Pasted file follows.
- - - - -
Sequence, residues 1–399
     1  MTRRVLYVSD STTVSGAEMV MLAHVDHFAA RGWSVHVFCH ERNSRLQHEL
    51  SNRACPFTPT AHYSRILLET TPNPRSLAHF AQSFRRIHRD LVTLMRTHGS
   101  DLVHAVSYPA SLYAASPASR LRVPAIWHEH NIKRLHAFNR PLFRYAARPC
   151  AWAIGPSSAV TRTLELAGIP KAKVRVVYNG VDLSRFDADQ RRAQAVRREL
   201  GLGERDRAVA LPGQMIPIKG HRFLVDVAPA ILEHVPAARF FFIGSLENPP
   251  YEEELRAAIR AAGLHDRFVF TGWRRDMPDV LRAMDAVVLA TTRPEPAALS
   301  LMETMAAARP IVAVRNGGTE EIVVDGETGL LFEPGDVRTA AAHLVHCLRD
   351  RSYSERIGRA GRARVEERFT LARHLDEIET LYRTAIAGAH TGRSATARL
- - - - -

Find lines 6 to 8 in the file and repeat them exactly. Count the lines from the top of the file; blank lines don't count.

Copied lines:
   201  GLGERDRAVA LPGQMIPIKG HRFLVDVAPA ILEHVPAARF FFIGSLENPP
   251  YEEELRAAIR AAGLHDRFVF TGWRRDMPDV LRAMDAVVLA TTRPEPAALS
   301  LMETMAAARP IVAVRNGGTE EIVVDGETGL LFEPGDVRTA AAHLVHCLRD